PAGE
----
Resident Evil actress Sienna Guillory will romance Idris Elba‘s troubled English police detective Luther in the drama series’ upcoming third season. The BBC and BBC America co-production is readying a new run of four hourlong episodes that began filming last week. Per the BBC, this season puts John Luther back under intense pressure, with two conflicting crimes to investigate and a ruthless ex-cop determined to bring him down. Guillory will play Mary, a worker in a vintage clothing shop who meets Luther by chance.
EXCLUSIVE: Actress Ruth Wilson signed with CAA. The signing was competitive for the British actress who is playing the female lead in the Gore Verbinski-directed The Lone Ranger, opposite Johnny Depp and Armie Hammer, produced by Jerry Bruckheimer. Wilson, who showed edge playing the murderess and confidante of Idris Elba’s detective character in the British series Luther, will next be seen in the Joe Wright-directed Anna Karenina. She’ll find out this Sunday if she is to win an Olivier Award for Best Actress for playing Anna in the West End production of the Rob Ashford-directed Anna Christie. Wilson continues to be managed by Untitled Entertainment and repped in the UK by Troika Talent.
EXCLUSIVE: British novelist-screenwriter Neil Cross, creator of the BBC series Luther, is coming to American television. In his first formal U.S. TV pact, Cross has signed a two-year overall deal with Universal Television to develop new series projects. “Neil Cross is a visionary and we are huge fans of his stellar work on Luther,” Universal TV EVP Bela Bajaria said. “We look forward to working with him to create a big broadcast network hit.” Lurher has garnered accolades on both sides of the pond, earning star Idris Elba a Golden Globe award and an Emmy nomination. Its most recent prize came last week, when Luther was named best drama series at the British Royal TV Society Awards. On the feature side, Cross was recently tapped by Ghost House Pictures to write The Day Of The Triffids, based on the classic sci-fi horror novel written by John Wyndam and the 1962 film Invasion Of The Triffids. Cross previously penned two Guillermo del Toro-produced genre films: Mama, staring Jessica Chastain, which is in post-production; and actioner Midnight Delivery, which is being fast-tracked. Del Toro also enlisted Cross for a polish on his upcoming giant-budget monster movie Pacific Rim. Cross, who recently did TV development at 20th Century Fox Television, is repped by UTA, UK-based Independent Talent Group and attorneys Fred Toczek and Bruce Gellman.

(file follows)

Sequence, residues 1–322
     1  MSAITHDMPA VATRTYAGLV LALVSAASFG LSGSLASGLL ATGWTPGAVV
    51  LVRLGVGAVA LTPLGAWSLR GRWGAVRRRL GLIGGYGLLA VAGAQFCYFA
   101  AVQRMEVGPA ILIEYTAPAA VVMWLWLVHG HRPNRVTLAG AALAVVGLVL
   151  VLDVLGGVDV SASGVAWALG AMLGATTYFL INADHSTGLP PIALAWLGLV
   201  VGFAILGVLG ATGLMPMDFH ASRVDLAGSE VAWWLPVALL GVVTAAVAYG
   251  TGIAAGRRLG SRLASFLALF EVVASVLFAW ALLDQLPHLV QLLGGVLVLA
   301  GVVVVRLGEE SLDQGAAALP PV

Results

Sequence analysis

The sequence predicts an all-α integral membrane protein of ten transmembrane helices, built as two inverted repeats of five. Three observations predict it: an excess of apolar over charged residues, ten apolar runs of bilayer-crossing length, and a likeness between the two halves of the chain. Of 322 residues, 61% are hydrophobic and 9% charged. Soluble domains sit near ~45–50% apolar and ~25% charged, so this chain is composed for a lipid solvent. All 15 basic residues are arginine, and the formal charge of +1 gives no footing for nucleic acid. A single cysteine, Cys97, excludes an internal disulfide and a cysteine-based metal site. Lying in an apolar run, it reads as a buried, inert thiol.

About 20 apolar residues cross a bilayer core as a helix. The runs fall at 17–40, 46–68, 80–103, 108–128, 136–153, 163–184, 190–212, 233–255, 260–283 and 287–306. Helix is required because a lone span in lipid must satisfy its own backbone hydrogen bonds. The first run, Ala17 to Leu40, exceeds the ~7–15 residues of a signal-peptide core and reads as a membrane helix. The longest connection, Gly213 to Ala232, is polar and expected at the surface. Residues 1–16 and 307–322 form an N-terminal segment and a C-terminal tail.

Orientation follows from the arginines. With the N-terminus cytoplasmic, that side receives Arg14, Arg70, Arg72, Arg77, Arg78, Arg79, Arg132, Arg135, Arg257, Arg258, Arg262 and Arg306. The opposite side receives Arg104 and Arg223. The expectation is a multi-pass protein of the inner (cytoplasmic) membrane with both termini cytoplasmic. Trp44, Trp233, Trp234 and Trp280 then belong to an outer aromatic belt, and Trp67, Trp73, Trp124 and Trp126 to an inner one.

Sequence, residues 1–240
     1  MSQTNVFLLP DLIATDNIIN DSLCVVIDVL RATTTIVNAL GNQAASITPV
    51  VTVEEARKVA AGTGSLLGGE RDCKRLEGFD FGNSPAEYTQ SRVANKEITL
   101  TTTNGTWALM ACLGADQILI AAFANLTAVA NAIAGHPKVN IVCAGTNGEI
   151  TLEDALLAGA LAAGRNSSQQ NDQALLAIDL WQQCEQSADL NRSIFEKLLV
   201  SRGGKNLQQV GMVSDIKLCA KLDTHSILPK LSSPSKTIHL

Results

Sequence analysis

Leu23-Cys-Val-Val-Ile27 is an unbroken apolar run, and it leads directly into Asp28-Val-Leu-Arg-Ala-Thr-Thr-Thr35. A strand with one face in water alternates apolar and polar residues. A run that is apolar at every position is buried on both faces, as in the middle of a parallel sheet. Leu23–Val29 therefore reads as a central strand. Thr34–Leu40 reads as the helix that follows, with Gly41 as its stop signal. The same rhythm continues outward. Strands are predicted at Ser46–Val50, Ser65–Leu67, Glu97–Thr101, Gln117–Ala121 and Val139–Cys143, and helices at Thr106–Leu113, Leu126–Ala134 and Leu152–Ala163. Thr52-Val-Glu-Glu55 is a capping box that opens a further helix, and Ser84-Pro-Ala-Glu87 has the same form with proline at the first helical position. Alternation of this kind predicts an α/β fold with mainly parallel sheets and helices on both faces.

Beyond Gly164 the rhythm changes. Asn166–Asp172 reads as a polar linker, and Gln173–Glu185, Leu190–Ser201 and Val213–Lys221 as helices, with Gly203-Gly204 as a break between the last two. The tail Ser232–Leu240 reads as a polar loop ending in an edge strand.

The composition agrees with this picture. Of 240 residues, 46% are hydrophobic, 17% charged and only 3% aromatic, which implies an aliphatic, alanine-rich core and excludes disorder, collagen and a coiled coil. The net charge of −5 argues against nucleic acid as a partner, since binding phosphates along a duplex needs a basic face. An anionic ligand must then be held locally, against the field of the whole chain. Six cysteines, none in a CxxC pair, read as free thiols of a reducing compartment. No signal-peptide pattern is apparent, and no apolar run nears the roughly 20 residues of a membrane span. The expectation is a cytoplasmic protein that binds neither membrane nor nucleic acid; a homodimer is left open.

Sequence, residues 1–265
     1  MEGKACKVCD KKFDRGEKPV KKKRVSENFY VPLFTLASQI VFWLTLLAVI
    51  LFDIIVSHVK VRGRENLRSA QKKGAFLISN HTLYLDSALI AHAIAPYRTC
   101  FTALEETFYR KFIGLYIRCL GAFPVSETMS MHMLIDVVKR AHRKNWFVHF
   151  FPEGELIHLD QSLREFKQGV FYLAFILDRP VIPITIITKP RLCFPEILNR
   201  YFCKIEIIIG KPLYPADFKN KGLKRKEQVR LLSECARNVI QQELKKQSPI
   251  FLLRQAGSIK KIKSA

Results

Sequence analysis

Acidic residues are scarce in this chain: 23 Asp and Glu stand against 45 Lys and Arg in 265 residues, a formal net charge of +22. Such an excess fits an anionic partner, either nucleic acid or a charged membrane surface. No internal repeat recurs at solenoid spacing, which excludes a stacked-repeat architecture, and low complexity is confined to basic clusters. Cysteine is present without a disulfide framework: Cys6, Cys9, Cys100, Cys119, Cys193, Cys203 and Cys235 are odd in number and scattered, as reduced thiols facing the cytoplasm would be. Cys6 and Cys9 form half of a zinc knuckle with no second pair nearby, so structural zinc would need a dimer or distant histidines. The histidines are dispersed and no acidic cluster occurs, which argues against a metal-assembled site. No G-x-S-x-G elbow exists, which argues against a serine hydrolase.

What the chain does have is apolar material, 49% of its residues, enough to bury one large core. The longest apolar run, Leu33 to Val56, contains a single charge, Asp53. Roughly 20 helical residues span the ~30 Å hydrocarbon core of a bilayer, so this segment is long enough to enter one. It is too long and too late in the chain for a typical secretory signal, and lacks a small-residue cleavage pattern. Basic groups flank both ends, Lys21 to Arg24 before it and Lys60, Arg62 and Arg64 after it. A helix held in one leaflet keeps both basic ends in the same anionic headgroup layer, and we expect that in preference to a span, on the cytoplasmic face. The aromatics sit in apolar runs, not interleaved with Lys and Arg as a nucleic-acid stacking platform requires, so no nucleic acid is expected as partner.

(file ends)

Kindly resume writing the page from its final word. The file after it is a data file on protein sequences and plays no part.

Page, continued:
Andrew Davies, who wrote the script for The Three Musketeers and a slew of BBC period dramas, is adapting Lindy Woodhead’s nonfiction bestseller Shopping, Seduction & Mr Selfridge for ITV Studios. I’m told that ITV hopes the story of how brash American retailer Harry Gordon Selfridge –”The Showman of Shopping” — opened the world’s first purpose-built department store in London in 1909 will repeat the success of Downton Abbey. That NBC Universal production has been a huge hit over here for ITV. Certainly there’s a plum role for the American actor playing Selfridge, who blew his fortune on mistresses and gambling before dying destitute. Selfridge’s girlfriends included famed dancer Isadora Duncan and Russian ballerina Anna Pavlova. His massive overspending ultimately cost him control of Selfridges.
The second series of Downton Abbey, meanwhile, started shooting on location at Highclere stately home in Berkshire in March. Filming continues until July. PBS Masterpiece will premiere the second series on Jan. 8, 2012, following its ITV run starting this fall.
But that’s not the only bonnet-on-bonnet action coming your way on Masterpiece.
The second series of the BBC’s Upstairs Downstairs, a sequel to the original 1970s ITV show that chronicled the lives of the Edwardian Bellamy family, goes into production in September. The BBC originally announced its Upstairs Downstairs remake at the same time ITV unveiled Downton Abbey. “Upstairs Downstairs is elegantly entertaining but doesn’t reach the same heights as Downton Abbey,” sniffed the Daily Telegraph. Still, BBC1 controller Danny Cohen was pleased enough with the average 8.4 million viewers to commission another 6×60-minute series. There is no U.S. transmission date for Series 2 yet.